Skydiver and cancer survivor seeks return of stolen log book

Posted at 5:49 PM, Aug 14, 2018
and last updated 2018-08-14 21:36:50-04

PUEBLO – A skydiver who calls Pueblo home is reaching out for help. Someone broke into his car last week and stole his backpack with something inside that can’t be replaced; his log book.

Rodney Reed is so passionate about it that he’s training to become a jumpmaster. That certification would enable him to work as an instructor.

“If I can make a living jumping out of airplanes, I mean, that’s the kind of living to make,” he said.

It’s a passion he only recently discovered. Years ago, Rodney owned a successful welding business. But then he was diagnosed with cancer.

“I’m a two-time cancer survivor, I had a full frontal craniotomy to remove a tumor from my brain in 2001,” Reed explained.

His health insurance policy reached its lifetime limit. At the time, Rodney couldn’t apply for another policy due to his pre-existing condition. Meanwhile, the federal government determined he owned too many assets much to qualify for Medicaid.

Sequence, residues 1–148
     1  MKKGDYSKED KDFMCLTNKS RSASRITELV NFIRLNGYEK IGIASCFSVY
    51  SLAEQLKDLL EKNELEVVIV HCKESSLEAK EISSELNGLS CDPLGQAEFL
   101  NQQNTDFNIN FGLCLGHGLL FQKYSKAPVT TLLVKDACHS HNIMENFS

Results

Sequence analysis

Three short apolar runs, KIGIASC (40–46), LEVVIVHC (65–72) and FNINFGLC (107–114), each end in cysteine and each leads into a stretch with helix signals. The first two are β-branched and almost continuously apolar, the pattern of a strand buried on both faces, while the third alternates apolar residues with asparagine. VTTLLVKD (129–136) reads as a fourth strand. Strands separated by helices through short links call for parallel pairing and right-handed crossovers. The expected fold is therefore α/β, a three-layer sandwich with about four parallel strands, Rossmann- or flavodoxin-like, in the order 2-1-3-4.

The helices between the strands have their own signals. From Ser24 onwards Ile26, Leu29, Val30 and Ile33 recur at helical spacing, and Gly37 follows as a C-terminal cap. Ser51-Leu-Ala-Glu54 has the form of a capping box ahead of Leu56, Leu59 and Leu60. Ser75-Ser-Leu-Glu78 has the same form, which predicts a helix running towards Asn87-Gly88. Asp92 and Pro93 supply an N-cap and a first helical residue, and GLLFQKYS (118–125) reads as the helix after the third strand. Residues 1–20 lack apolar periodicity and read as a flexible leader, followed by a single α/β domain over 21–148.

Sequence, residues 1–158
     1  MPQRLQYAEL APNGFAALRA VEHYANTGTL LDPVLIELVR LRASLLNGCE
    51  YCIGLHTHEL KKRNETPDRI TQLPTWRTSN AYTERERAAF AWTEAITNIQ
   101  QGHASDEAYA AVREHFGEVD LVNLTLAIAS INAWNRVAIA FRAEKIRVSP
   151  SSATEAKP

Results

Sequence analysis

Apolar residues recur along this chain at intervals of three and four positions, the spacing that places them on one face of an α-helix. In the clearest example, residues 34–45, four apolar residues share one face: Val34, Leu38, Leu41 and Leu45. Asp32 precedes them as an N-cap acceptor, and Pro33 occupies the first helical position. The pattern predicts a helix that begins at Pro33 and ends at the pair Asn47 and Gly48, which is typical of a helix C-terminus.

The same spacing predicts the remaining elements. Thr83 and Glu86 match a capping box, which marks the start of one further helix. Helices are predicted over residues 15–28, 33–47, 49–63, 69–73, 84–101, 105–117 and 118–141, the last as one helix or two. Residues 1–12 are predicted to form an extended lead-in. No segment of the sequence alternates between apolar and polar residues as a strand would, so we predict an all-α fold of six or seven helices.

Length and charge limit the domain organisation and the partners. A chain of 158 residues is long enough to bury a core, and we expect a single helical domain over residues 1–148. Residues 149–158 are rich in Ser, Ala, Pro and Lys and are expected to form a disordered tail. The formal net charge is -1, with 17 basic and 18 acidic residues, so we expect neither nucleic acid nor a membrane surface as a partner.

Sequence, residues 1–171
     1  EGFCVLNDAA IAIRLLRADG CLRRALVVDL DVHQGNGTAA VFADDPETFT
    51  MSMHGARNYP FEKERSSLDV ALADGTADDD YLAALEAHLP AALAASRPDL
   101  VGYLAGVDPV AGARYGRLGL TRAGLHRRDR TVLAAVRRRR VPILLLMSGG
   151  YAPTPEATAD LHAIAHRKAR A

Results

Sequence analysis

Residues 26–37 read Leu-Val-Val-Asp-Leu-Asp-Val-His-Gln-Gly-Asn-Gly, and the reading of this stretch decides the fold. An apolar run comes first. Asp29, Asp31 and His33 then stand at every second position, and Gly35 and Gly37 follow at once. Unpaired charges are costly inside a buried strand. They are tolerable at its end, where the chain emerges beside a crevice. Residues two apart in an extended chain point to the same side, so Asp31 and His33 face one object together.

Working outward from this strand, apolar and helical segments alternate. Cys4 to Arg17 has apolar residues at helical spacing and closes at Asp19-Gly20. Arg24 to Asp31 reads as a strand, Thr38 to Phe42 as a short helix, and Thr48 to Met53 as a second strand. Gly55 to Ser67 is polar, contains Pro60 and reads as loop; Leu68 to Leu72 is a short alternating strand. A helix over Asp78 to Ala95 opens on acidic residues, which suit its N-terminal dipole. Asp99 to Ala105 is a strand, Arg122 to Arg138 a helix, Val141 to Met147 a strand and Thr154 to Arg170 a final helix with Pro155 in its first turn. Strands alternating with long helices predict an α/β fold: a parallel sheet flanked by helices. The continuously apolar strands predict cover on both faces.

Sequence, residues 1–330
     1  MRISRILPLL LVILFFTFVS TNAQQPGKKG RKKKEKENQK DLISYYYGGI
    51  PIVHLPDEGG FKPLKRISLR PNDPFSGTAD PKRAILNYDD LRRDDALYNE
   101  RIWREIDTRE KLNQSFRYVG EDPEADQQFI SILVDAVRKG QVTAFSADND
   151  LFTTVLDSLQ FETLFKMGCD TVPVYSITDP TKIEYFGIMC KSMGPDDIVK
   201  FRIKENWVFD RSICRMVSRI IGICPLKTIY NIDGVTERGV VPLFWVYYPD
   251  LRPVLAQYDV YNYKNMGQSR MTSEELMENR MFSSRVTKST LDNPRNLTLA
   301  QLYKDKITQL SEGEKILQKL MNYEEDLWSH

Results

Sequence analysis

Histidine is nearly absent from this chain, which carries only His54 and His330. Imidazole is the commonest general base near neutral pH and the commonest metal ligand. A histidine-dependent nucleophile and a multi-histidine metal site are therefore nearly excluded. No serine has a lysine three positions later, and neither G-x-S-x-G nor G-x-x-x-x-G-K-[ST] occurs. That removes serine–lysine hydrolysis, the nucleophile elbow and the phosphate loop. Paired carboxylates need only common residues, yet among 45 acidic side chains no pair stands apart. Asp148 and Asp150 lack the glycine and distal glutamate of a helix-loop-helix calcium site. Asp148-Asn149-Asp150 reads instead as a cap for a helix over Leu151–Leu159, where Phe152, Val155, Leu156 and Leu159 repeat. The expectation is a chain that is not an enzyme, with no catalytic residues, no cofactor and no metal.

“Piece by piece we sold our lives that we spent ten years building, all to keep me alive.”

He recovered from both cancer diagnoses and gained a new perspective on what it means to live.

“My wife and I decided that we weren’t going to spend the rest of our lives acquiring stuff that we didn’t really need and that we were going to move to Colorado, see some mountains and have some fun.”

Which is why the stolen log book is so precious to him. It not only contains a record of the jumps he needs to apply for higher licenses but also words of encouragement written by a skydiving friend who died two years ago.

“This book contained some logs from a mentor, and a coach and a teacher who was above all things than that, he was my friend.”

Reed posted about the theft on social media and said the response was overwhelmingly supportive.

Total strangers sent him messages of encouragement. Others are actively looking for the missing backpack.

Reed hopes by sharing his story, it might encourage whoever has the book to return it.

“The only thing that matters to me is the book,” he said. “The monetary value of the altimeter and the GoPro stuff, I can replace all that.”

Reed said he wrote his name, phone number and email address in the log book. He doesn’t have much money but is willing to pay $100 cash reward to get it back.